EZH2 is a histone methyltransferase that contributes to the epigenetic silencing of target genes and regulates the cell lineage commitment and cancer progression [11–13]. Overexpression of EZH2 is often correlated with advanced stages of human cancer progression and poor prognosis including TNBC [12, 14]. Therefore, for the study reported herein, we characterized the molecular and cellular anticancer mechanisms of capsanthin using TNBC cells with the understanding that capsanthin may constitute a lead compound for the development of a drug that may target EZH2 and could improve the quality of life and/or reduce the chemotherapeutic toxicity of patients undergoing treatment for TNBCs [10, 11].
Effect of capsanthin on TNBC cell viability
We examined whether capsanthin is anti-proliferative activity to breast cancer cells in culture. The normal human mammary epithelial line (MCF-10A) and different TNBC cell lines (BT20, BT549, MDA-MB-468, MDA-MB-231) were initially cultured (3 × 103 per 100 μL in 96-well plates) in a humidified atmosphere of 5% CO2 at 37°C for 12 h followed by incubation with capsanthin (0, 0.5, 1, 2.5, 5, and 10 μM) for 24, 48, and 72 h, with subsequent analysis of cell viability with the MTT assay (Figure 1B). Indeed, capsanthin significantly inhibited the viability of all the TNBC cell lines in a concentration-dependent manner but was non-effect towards MCF-10A cells (Figure 1B). Notably, MDA-MB-231 cells were more sensitive to capsanthin than the other breast cancer cells (Figure 1B). We also counted the number of cells remaining after treatment with 0, 10, or 20 μM capsanthin for 72 h. As we expected, the 72 h treatment decreased the viability of MDA-MB-231 cells (Figure 1C). These experiments demonstrated that capsanthin inhibits the proliferation of TNBC cells in culture.
Capsanthin induces cell-cycle arrest at the G1/S phase in TNBC cells
Since the cell viability has been suppressed in TNBC cells. We were going to detected whether capsanthin influences cell cycle in TNBC cells by flow cytometer. The cell cycle is an essential role that cell could be proliferation and differentiation . Thus, we postulated that the inhibitory effects of capsanthin on cell viability might be mediated by cell cycle. Therefore, the effect of capsanthin (10 μM) on the cell cycle was evaluated. In order to more accurately observe the effect of capsanthin on the cell cycle, we used a cell-synchronization approach with thymidine that determined whether capsanthin influences the cell cycle of MDA-MB-231 cells. We used a thymidine to further confirm that capsanthin arrested the cell cycle at G1/S phase. The MDA-MB-231 cells were synchronized using drugs and cells were harvested at 0, 3, 6, 9, 12, and 24 h after release from cell-cycle arrest and stained with propidium iodide to monitor the distribution of their cell-cycle phases. The results revealed that MDA-MB-231 cells became synchronized at late G1/S phase at 6 h after a double thymidine block followed by treatment with 10 μM capsanthin in fresh medium, demonstrating that capsanthin delays cell-cycle progression and induces G1/S phase arrest in MDA-MB-231. (Figure 2).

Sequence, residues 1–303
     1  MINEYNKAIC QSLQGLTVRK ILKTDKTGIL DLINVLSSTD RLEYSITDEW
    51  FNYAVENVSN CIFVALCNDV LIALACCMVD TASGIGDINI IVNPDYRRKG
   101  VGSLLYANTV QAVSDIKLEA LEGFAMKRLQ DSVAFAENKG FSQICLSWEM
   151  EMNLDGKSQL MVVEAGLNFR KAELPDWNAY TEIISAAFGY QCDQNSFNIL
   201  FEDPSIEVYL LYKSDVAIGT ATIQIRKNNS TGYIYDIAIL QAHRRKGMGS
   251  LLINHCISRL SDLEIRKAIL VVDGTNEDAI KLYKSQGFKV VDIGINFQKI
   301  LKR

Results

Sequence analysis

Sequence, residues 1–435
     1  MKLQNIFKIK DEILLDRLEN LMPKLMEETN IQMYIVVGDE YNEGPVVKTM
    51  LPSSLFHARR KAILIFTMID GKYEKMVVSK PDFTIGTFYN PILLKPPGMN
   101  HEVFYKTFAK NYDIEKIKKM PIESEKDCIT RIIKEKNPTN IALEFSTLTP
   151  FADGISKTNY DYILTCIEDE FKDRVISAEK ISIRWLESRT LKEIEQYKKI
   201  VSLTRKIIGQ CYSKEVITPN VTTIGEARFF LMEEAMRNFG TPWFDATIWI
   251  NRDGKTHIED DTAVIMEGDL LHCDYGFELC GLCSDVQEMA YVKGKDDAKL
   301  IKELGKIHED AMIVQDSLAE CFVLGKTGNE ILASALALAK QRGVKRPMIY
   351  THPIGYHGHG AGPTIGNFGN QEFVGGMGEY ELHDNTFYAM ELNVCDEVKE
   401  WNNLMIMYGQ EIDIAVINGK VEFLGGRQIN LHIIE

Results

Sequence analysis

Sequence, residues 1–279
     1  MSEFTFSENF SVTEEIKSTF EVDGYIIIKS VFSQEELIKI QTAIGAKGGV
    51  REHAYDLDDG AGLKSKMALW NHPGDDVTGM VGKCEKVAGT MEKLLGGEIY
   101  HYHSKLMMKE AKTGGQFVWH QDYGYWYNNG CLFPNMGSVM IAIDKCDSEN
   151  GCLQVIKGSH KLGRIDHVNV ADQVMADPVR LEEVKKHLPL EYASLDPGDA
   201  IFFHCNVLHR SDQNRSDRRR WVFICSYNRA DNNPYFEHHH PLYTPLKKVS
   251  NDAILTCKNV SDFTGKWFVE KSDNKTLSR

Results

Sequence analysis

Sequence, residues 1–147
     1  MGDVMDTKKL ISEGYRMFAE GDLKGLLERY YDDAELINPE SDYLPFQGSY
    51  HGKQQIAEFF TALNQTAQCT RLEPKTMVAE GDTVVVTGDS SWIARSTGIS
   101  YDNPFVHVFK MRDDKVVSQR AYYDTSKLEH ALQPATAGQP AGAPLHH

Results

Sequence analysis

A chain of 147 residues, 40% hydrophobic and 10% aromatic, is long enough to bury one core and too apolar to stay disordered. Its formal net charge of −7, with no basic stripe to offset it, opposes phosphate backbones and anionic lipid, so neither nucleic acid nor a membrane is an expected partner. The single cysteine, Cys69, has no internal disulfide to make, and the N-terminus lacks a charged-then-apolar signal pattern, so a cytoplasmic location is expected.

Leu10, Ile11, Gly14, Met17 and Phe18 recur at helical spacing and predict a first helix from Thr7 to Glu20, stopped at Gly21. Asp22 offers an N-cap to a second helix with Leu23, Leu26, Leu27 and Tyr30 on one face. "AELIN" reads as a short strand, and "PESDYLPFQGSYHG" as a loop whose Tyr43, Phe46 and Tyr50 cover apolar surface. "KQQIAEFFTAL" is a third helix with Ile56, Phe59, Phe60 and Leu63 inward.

Capsanthin suppresses EZH2-mediated epigenetic silencing of p21 in TNBC cells
Cell-cycle checkpoints ensure the proper execution of cell-cycle events. Because we found that capsanthin causes cell-cycle arrest at the G1/S stage in MDA-MB-231 cells, we postulated that it might influence the cellular levels of cyclin A and p21 (the cell-cycle checkpoint proteins for G1/S phase arrest). We checked the cellular levels of cell cycle-regulated proteins after capsanthin treatment. Therefore, MDA-MB-231 cells were treated a double thymidine block followed by treatment with 10 μM capsanthin in fresh medium. We then used western blotting to examine the cellular levels of both cyclin A and p21 in comparison with the control group at 0, 3, 6, and 9 h. Capsanthin decreased the level of cyclin A, whereas the level of p21 increased over the same period (Figure 3A).
Figure 3. Capsanthin decreases cellular EZH2 and suppresses the binding of p21 promoter by EZH2 in TNBC cells. (A) Proteins were extracted from synchronized MDA-MB-231 cells at various times after treatment with 10 μM capsanthin for 0, 3, 6, 9, 12 or 24 h and then cell cycle–related proteins were analyzed with western blotting. (B) Synchronized MDA-MB-231 cells were treated with 10 μM capsanthin for 0, 3, 6, or 9 h, and qPCR was carried out to assess the cellular level of EZH2 mRNA. *P < 0.05, **P < 0.01, ***P < 0.001. (C) MDA-MB-231 cells were treated as described for panel A, and then proteins were extracted from the cells and subjected to western blotting for EZH2 and H3K27me3. (D) MDA-MB-231 and BT-549 with capsanthin downregulates EZH2 level and upregulates the p21 promoter. Capsanthin-treated cells were subjected to qChIP to assess the activation of the p21 promoter. *P < 0.05. Cap, capsanthin.
EZH2 is a histone methyltransferase that promotes repression of the expression in certain genes and is the catalytic component of the polycomb repressive complex 2 . It has been reported that EZH2 plays a central role in the regulation of cell proliferation and stem-cell differentiation. EZH2 is highly expressed in many malignant tumors including TNBCs, and elevated EZH2 expression portends a poor prognosis for patients [12, 14, 16]. The progression of the cell cycle of cancer cells can inhibited upon inhibition of the EZH2 expression, and this results in upregulation of the cellular level of p21 [17–19]. Therefore, we surmised that p21 expression would increase upon treatment of cells with capsanthin, in concert with a decrease in EZH2. MDA-MB-231 cells were synchronized with thymidine and then treated with 10 μM capsanthin for 0, 3, 6, and 9 h. EZH2 mRNA level decreased at each of the 3, 6, and 9 h time points compared with the control in MDA-MB-231 cells (Figure 3B). The expression of EZH2 proteins and the cellular level of H3K27me3 marker were then measured with western blotting at 0, 3, 6, and 9 h post-stimulation, and the results were compared with those of the control group cells not supplemented with capsanthin. The results confirmed our hypothesis that capsanthin simultaneously decreases the expression of EZH2 proteins and the level of H3K27me3 (Figure 3C). These results indicated that capsanthin inhibits the production of both EZH2 protein and mRNA in TNBC cells (Figure 3B–3C).